A nose with two nostrils is a trait shared by almost all animals, and for good reason. The nose gives us an additional sense through its ability to smell, but it also serves as a critical pathway that allows air to flow into the lungs. But while most animals use their noses exclusively for those two purposes, there are quite a few who have developed far more elongated appendages. As is usually the case with evolutionary changes, these long noses tend to serve a purpose. Here are seven of the animals with the biggest noses — along with why they developed them in the first place.
#7: Elephant Shrew — Nose as Meal Forager
Big noses are often a way to compensate for poor senses elsewhere, but that’s not the case with the elephant shrew. This tiny mammal has exceptional sight and hearing in addition to its strong sense of smell. Their long noses may look like a shrunk-down version of the trunk elephants carry, but it’s not quite so flexible. Instead, they use their noses similarly to aardvarks — sweeping the ground to unsettle insects and small invertebrates and then ingesting them. It’s an effective technique, one that’s allowed them to spread prolifically throughout Africa.
These animals serve a critical role in their ecosystem by managing the populations of native bugs. They can be trusted to manage the populations of both ants and termites where they’re prevalent. They also use their big noses to track the scents of one another — and marking territory with scent glands is a common social habit of these monogamous and territorial pipsqueaks.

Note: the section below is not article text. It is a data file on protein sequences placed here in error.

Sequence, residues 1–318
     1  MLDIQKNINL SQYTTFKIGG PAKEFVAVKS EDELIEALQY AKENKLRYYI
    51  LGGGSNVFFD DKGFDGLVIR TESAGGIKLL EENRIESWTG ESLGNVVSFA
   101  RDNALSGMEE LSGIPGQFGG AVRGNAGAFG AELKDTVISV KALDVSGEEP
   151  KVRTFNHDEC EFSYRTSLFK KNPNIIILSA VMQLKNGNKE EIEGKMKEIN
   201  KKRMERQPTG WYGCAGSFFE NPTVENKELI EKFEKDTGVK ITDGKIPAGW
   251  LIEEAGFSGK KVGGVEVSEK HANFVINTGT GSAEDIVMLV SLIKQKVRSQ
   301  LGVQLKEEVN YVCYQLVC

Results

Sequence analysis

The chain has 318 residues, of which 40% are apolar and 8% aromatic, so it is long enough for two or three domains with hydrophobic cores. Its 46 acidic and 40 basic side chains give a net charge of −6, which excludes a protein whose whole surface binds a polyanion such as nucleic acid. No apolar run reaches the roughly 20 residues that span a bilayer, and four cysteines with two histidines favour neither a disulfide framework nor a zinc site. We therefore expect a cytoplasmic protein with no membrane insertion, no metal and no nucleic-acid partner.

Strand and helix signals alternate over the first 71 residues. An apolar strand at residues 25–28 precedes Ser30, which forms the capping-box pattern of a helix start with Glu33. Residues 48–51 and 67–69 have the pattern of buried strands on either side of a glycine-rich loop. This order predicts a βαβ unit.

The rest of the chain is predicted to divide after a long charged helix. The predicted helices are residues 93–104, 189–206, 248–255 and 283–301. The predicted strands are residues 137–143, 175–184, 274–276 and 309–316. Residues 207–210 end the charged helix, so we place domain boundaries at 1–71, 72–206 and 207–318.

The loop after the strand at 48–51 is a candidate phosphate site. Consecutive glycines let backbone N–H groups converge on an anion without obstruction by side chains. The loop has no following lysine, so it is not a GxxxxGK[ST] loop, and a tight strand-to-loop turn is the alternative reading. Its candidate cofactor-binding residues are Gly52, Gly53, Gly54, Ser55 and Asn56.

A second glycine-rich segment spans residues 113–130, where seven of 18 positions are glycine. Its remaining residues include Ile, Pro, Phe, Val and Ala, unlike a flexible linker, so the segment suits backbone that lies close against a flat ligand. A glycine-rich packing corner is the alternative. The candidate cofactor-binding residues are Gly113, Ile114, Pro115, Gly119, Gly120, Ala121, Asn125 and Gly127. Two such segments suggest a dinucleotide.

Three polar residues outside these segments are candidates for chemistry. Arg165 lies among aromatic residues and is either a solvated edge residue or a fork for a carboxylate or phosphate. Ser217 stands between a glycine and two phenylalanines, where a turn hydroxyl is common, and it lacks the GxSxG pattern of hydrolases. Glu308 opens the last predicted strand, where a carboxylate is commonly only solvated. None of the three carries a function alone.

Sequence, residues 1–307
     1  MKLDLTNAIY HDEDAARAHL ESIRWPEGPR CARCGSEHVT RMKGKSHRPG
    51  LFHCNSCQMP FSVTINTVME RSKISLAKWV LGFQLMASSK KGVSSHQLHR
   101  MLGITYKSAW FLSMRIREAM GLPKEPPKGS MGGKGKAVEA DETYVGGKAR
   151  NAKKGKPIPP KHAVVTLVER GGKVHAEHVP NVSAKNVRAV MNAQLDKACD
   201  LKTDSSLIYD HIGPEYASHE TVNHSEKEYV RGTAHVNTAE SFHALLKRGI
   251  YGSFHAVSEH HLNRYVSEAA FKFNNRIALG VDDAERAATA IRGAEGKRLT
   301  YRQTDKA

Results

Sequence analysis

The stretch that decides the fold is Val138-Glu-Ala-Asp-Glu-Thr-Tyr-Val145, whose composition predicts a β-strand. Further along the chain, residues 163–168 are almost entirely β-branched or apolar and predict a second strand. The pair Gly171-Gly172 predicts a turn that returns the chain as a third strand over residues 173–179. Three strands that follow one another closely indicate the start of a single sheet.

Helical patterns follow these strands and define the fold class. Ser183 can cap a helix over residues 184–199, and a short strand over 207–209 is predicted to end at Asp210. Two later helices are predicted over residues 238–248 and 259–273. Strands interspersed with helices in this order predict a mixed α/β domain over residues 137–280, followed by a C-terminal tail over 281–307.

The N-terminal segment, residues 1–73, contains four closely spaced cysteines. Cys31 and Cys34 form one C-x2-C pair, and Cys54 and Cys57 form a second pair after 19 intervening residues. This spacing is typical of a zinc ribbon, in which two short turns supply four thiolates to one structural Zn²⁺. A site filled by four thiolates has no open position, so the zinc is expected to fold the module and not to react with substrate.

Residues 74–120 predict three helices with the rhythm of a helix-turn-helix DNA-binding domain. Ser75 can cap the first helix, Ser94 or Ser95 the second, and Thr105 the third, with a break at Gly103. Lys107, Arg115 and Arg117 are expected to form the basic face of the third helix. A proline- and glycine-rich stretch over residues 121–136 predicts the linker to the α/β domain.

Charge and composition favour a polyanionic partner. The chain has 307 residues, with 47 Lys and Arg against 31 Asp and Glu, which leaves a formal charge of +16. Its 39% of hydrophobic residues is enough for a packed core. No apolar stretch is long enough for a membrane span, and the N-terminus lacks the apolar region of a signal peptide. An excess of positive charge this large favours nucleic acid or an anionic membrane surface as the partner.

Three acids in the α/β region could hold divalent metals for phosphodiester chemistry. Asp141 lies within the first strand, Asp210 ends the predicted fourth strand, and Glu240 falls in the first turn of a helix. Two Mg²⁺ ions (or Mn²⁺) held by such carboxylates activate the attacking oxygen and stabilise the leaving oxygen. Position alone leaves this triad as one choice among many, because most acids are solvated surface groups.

#6: Aardvark — Nose as a Foraging Tool
Despite looking remarkably similar to the anteater, the aardvark is more closely related to the elephant. And while these creatures can’t use their long snouts to craft tools and wield weapons, they can use them to hunt. An aardvark will use its claws to root up the nests of termites and ants and then use its long nose to suck up these insects in prodigious numbers. An aardvark can eat up to 50,000 insects in a single evening, and they inhale them without chewing. Aardvarks are nocturnal scavengers with poor vision, so they rely on their nose as their central form of navigation. Ten bones within the nose create a sense of smell that dwarfs any dog breed.
The aardvark shows how a dramatic evolution can develop to fulfill a very specific niche within an ecosystem. Through the patient course of evolution, aardvarks have developed the ability to block their nostrils entirely and thus prevent them from getting clogged with insects and dust.
#5: Star-Nosed Mole — Nose as a Navigation Aid